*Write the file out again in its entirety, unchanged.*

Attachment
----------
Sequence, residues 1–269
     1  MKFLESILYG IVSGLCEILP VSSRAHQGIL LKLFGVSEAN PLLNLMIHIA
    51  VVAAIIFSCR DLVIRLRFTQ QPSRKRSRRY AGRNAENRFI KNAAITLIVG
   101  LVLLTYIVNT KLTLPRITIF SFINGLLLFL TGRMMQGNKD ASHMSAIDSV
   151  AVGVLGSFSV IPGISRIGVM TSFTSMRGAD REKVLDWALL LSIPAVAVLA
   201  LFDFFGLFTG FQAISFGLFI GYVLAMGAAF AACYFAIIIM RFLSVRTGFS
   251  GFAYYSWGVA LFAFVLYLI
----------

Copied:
Sequence, residues 1–269
     1  MKFLESILYG IVSGLCEILP VSSRAHQGIL LKLFGVSEAN PLLNLMIHIA
    51  VVAAIIFSCR DLVIRLRFTQ QPSRKRSRRY AGRNAENRFI KNAAITLIVG
   101  LVLLTYIVNT KLTLPRITIF SFINGLLLFL TGRMMQGNKD ASHMSAIDSV
   151  AVGVLGSFSV IPGISRIGVM TSFTSMRGAD REKVLDWALL LSIPAVAVLA
   201  LFDFFGLFTG FQAISFGLFI GYVLAMGAAF AACYFAIIIM RFLSVRTGFS
   251  GFAYYSWGVA LFAFVLYLI